Loan Reinstatement Communication Did Not Bind Lender In Workout Negotiations

Note: on 5/6/22, I wrote about the 410 case cited below. Today’s post addresses additional subject matter from the same opinion. Please review my previous post for background.

Lesson. In workout negotiations, if banks wish to avoid communications that could unwittingly bind them to a deal, ensure the communications do not have these three elements: (a) a writing, (b) that sets forth all material terms and conditions of the workout/resolution, (c) that is signed by both parties. Also, to the extent lenders engage in written communications or issue reinstatement memos, consider including limiting language such as the following: "if your loan has matured, or is otherwise in default, neither your receipt of this statement nor acceptance of any partial payment, or any future partial payment, shall be deemed to amend or modify the terms of the loan documents, nor cure or waive the default existing under the loan. Lender reserves all of its rights and remedies under the loan documents, at law or in equity."

Case cite. Wilmington Tr. Nat'l Ass'n v. 410 S. Main St. LLC 2022 U.S. Dist. LEXIS 21288 (N.D. Ind. Feb. 7 2022).

Legal issue. Whether a “loan balance statement” tendered by a lender in connection with workout discussions constituted a binding contract to reinstate a loan and waive any prior events of default upon payment of the amount listed.

Vital facts. The standard loan documents were at issue in this commercial mortgage foreclosure case: a promissory note, a loan agreement, a mortgage, an assignment of rents and a guaranty. Borrower began missing monthly loan payments. Borrower also was in default because it “had also been involved in a variety of transfers and liens related to the real estate underlying the loan, none of which were disclosed to the Trustee and none of which were executed with the Trustee's prior written consent as the loan documents required.”

In an effort to resolve the loan default, one of the parties connected to the Borrower requested mortgage statements and received a “balance statement” identifying an amount owed. The statement seems to have been a kind of loan reinstatement memorandum. Please read the opinion for further details. The Defendants contended the balance statement was an agreement that, if the quoted amount was paid, then Lender would reinstate the loan and waive any past defaults. Lender viewed the balance statement as merely giving a snapshot of the amount owed on a particular day and nothing more.

As the payment defaults and improper transfers continued to mount, the Trust notified Defendants that it was accelerating the loan and that full payment was due in 30 days. Defendants did not meet the demand. Instead, they made a series of payments that nearly satisfied the amount articulated in the balance statement.

Procedural history. Lender filed suit to enforce the loan. Defendants asserted various defenses to Lender’s foreclosure action, and also filed counterclaims for breach of contract and negligent misrepresentation. The Trustee filed a motion for summary judgment on all claims and defenses.

Key rules. I’ve previously written about the Indiana Lender Liability Act at Indiana Code 26-2-9. See Related Posts below. 410 reminds us that:

under the ILLA, a “credit agreement,” which includes an agreement to forebear or make any other financial accommodation, is enforceable if: 1) it is in writing; 2) that writing sets forth all material terms and conditions, and; 3) that writing is signed by both parties. All material terms and conditions must be embodied by the singular, signed writing. A combination of multiple writings does not suffice to form a single agreement.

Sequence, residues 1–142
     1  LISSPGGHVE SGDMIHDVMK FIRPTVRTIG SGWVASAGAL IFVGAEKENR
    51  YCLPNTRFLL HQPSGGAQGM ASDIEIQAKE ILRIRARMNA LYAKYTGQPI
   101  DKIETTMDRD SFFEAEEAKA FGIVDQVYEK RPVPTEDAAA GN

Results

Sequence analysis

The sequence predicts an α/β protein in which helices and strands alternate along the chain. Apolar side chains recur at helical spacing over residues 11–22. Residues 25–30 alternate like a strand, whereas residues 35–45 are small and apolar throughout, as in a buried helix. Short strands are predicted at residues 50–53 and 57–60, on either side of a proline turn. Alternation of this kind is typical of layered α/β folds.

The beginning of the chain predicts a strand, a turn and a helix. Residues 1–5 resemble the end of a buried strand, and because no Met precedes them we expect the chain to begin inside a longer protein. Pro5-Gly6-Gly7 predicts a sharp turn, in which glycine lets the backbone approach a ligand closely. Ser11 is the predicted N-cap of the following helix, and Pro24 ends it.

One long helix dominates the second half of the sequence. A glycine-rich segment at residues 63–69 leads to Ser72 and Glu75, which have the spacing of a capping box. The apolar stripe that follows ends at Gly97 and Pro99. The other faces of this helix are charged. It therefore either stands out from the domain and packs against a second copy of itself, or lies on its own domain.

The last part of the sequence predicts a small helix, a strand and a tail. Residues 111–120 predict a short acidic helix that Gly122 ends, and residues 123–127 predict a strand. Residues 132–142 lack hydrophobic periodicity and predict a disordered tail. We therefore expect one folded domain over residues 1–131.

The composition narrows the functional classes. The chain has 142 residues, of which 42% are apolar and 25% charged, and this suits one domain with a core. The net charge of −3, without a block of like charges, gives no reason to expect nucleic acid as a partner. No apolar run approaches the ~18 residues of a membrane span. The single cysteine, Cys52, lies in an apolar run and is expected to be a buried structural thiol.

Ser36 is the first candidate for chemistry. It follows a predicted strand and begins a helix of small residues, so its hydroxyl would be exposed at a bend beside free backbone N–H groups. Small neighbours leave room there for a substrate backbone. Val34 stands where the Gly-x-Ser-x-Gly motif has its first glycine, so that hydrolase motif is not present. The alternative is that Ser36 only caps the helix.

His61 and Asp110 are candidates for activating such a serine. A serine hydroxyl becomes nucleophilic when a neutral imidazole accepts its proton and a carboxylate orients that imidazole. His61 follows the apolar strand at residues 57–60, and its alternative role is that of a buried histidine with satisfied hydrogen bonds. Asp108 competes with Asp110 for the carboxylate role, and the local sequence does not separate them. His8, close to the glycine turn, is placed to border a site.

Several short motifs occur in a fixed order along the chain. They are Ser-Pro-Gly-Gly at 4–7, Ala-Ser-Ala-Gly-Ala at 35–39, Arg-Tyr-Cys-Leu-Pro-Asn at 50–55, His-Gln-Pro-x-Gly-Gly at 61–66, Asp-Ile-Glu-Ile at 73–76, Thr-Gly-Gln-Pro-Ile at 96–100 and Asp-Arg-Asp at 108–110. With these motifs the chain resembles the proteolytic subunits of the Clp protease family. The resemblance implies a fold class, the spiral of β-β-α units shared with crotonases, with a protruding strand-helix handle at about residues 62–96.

Under Indiana law, the fundamental requirements for a contract include “an offer, acceptance, consideration, and a meeting of the minds of the contracting parties.”

Holding. The Court granted Lender’s summary judgment. The Defendants have appealed the decision to the 7th Circuit Court of Appeals. I will follow-up as warranted.

Policy/rationale. Defendants contended that the balance statement was either a “credit agreement” under the ILLA or a binding common law contract. The Court disagreed. Despite the balance statement being in writing, it failed to satisfy the other elements of an enforceable credit agreement, namely an outline of all materials terms and conditions, together with signatures by both parties. Among other things, the balance statement contained no language promising any future action in the event the quoted amount was paid. Indeed the statement provided that it should not be read as promising anything. Further, the statement was not signed by the parties. The Court refused to adopt Defendants’ theory that signatures were incorporated by reference because the statement referred to the underlying loan documents.

As to the common loan contract theory, the Court stated that “the only ‘offer’ the Defendants have pointed to is the one to reinstate the Loan and cure the defaults that they unilaterally read into the Balance Statement despite the Balance Statement explicitly stating it did not amend, modify, cure, or waive any existing default under the Loan.”

Related posts.

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I represent parties involved in disputes arising out of loans that are in default. If you need assistance with a similar matter, please call me at 317-639-6151 or email me at john.waller@dinsmore.com. Also, don’t forget that you can follow me on Twitter @JohnDWaller or on LinkedIn, or you can subscribe to posts via RSS or email as noted on my home page.


Pooling And Servicing Agreement Did Not Divest Trustee Of Ability To Foreclose

Lesson. With securitized loans, the trustee on behalf of the trust (the lender) is a “real party in interest” for purposes of filing a foreclosure suit, despite the existence of a special servicer appointed by a pooling and servicing agreement.

Case citeWilmington Tr. Nat'l Ass'n v. 410 S. Main St. LLC 2022 U.S. Dist. LEXIS 21288 (N.D. Ind. Feb. 7 2022).

Legal issue. Whether the special servicer of securitized loan is the only party that can bring a suit to enforce that loan.